Studying Thermal Tasters

Studying Thermal Tasters

thermal taster

We are so excited to be sponsoring a PhD Student! For the next three years Candy, studying at Nottingham University, will be investigating the subject of thermal taster status and its impact on preference and taste acceptability. The discovery of the phenomena of the thermal taster is a relatively recent one, first reported by Cruz and Green in 2000. Essentially a thermal taster (TT) is someone who detects a taste sensation when their tongue is either heated or cooled, when no taste stimulus is present! The temperature of the tongue is manipulated using a special thermode device.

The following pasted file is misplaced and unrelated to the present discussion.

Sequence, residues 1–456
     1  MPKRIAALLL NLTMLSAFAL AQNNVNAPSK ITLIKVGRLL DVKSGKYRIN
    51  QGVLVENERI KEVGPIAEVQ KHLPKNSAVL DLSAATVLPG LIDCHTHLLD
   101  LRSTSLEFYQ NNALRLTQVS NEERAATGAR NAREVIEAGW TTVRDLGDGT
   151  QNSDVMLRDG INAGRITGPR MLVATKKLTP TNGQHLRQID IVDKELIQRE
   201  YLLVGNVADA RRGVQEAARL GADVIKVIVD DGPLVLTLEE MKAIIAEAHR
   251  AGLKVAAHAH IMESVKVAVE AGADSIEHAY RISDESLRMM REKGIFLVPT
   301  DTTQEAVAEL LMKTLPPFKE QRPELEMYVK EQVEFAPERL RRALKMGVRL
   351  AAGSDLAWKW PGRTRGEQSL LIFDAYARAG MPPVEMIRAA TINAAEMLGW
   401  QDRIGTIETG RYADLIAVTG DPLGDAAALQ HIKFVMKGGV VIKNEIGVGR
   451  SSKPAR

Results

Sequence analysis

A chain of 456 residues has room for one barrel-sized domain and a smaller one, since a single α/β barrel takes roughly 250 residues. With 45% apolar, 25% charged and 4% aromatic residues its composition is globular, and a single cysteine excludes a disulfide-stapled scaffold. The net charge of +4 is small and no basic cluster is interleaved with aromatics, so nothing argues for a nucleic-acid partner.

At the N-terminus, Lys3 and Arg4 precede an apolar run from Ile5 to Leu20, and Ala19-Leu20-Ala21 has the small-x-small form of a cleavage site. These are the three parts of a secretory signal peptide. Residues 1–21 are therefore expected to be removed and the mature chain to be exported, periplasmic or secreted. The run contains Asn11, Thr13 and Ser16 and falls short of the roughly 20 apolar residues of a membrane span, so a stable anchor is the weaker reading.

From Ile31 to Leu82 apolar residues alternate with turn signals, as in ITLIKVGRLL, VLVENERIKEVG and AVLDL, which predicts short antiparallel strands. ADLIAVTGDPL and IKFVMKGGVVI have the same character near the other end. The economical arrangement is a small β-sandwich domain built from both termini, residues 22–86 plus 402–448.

Cruz and Green found that warming the tongue can evoke sweetness, while cooling it can evoke sourness and/or saltiness. Some individuals can experience both heat-related sweetness and cold-related saltiness, while others only experience one or the other. People who don't perceive any difference in taste due to heating or cooling are known as Thermal non-Tasters (TnTs).

Candy's work will focus on comparing the responses of a group of TTs and TnTs to a range of taste, odour and oral stimuli.

This is fascinating work and has potentially huge impact for the design of products especially those designed to be eaten cold such as beer and ice – cream. We will keep you updated.